While you might think that snoring isn’t something to be overly concerned about, you might want to reconsider that opinion. Loud, frequent snoring might be a sign of sleep apnea, a common and potentially serious disorder in which breathing repeatedly stops and starts as you sleep. However, it is important to distinguish between snoring and sleep apnea. By understanding the difference, you can take better care of yourself and your well-being.
What is snoring?
Severe snoring can cause a variety of problems. For example, it can lead to sleep disturbances for the snower and other household members. It can even lead to pauses in breathing and waking episodes. Snoring does not always mean you have sleep apnea, but chronic snoring may indicate an underlying sleep disorder. If sleep apnea is left untreated, it can increase the risk of high blood pressure, heart attacks, diabetes and even car accidents due to sleepiness while driving.
What is sleep apnea?
Sleep apnea is a type of breathing disorder that is serious and potentially life-threatening. It is characterized by brief interruptions of breathing during sleep. The three types of sleep apnea are:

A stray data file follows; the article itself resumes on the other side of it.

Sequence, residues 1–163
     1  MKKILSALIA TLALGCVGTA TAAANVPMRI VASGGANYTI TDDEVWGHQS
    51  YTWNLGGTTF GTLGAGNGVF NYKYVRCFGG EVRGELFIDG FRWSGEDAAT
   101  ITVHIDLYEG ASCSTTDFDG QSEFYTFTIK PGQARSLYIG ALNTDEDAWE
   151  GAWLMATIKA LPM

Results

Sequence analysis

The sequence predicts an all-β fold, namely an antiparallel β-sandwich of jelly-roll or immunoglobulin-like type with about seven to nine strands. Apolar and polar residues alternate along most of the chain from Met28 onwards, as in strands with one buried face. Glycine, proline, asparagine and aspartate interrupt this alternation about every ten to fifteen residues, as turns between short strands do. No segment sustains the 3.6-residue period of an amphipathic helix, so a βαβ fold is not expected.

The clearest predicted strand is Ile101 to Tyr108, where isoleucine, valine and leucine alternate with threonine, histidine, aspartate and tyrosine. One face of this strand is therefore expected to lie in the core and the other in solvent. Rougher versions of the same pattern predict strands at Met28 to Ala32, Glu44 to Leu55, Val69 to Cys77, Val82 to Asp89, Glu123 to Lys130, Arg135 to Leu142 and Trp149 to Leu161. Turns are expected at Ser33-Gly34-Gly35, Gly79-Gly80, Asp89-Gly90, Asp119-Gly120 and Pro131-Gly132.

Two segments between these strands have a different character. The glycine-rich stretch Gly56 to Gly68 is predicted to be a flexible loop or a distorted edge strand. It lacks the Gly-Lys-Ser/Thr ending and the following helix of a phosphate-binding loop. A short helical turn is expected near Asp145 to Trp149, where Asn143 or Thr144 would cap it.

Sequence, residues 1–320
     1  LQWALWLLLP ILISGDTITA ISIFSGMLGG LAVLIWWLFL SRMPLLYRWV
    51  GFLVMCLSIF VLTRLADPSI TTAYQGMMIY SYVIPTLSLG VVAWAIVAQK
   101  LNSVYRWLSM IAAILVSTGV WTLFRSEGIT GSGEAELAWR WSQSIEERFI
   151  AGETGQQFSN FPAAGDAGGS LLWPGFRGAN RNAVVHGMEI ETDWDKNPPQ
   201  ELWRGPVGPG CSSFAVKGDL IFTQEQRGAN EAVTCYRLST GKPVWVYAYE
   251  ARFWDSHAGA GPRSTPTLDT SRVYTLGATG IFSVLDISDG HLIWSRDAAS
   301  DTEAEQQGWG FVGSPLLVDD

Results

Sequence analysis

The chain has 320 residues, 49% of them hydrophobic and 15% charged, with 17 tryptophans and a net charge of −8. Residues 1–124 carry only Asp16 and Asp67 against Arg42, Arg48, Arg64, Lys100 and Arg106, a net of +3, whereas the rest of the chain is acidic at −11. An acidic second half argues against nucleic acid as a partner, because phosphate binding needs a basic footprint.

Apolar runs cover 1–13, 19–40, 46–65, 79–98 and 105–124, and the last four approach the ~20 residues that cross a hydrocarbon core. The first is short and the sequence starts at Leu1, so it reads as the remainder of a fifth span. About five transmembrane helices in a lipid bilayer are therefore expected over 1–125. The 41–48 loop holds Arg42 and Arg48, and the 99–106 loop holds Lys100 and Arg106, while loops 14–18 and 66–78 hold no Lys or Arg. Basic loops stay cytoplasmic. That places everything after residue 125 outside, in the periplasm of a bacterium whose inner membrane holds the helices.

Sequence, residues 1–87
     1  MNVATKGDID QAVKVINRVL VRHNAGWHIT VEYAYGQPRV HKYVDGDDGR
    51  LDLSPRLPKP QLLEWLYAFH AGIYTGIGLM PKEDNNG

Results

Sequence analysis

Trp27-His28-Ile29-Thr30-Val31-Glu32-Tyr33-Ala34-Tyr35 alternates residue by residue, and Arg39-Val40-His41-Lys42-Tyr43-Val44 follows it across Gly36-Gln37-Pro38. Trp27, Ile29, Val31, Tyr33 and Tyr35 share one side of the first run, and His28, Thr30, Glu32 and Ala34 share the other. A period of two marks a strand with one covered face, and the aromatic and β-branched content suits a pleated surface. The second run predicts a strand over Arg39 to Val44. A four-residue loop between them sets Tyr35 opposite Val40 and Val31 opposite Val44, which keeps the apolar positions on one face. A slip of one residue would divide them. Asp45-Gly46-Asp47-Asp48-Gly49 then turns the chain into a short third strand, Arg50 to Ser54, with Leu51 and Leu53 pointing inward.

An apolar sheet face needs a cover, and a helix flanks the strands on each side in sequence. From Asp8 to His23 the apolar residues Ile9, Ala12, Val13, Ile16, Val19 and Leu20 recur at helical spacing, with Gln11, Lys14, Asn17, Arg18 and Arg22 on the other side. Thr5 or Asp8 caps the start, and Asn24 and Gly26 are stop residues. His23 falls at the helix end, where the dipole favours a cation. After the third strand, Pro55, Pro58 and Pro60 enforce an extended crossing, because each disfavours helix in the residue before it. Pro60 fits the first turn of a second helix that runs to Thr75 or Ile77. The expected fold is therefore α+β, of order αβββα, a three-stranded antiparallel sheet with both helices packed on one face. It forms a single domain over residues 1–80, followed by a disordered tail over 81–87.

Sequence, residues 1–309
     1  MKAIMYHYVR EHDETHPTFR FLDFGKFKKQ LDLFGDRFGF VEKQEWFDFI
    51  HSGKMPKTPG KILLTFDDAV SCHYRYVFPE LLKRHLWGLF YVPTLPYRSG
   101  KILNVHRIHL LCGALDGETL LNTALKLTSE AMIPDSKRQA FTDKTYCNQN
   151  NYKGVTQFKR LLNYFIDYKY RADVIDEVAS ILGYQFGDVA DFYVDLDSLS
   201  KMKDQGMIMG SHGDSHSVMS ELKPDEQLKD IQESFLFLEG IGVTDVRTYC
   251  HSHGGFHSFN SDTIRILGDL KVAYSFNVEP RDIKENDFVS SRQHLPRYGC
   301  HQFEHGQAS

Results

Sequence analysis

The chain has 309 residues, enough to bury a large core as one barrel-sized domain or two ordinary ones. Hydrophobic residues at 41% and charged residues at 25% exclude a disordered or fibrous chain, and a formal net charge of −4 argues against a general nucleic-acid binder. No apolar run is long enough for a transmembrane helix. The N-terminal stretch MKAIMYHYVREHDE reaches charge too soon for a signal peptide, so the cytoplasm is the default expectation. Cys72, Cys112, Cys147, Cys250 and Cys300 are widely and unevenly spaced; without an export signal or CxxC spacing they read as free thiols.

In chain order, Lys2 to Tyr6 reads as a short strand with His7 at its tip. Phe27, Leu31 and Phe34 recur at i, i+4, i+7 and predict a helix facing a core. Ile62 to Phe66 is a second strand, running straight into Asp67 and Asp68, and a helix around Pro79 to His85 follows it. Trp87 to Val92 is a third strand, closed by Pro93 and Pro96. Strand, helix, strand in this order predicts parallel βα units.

- Central Sleep Apnea – the upper airway is open, but no oxygen is getting into the system.
- Obstructive Sleep Apnea (OSA) – the lungs and the diaphragm are functioning normally, but no oxygen is entering the system because there is an obstruction in the upper airway.
- Mixed Sleep Apnea – this is a combination of central and obstructive sleep apnea.
- The signs and symptoms of OSA include snoring, excessive daytime sleepiness, gasping or choking during the night, unrefreshed sleep, fragmented sleep, clouded memory, irritability, personality changes and morning headaches.
Does your partner or a family member suffer from chronic snoring and pauses in breathing while sleeping? If so, it is important to contact Dr. Mayoor Patel at Craniofacial Pain & Dental Sleep Center of Georgia for more information on sleep apnea and available treatment options.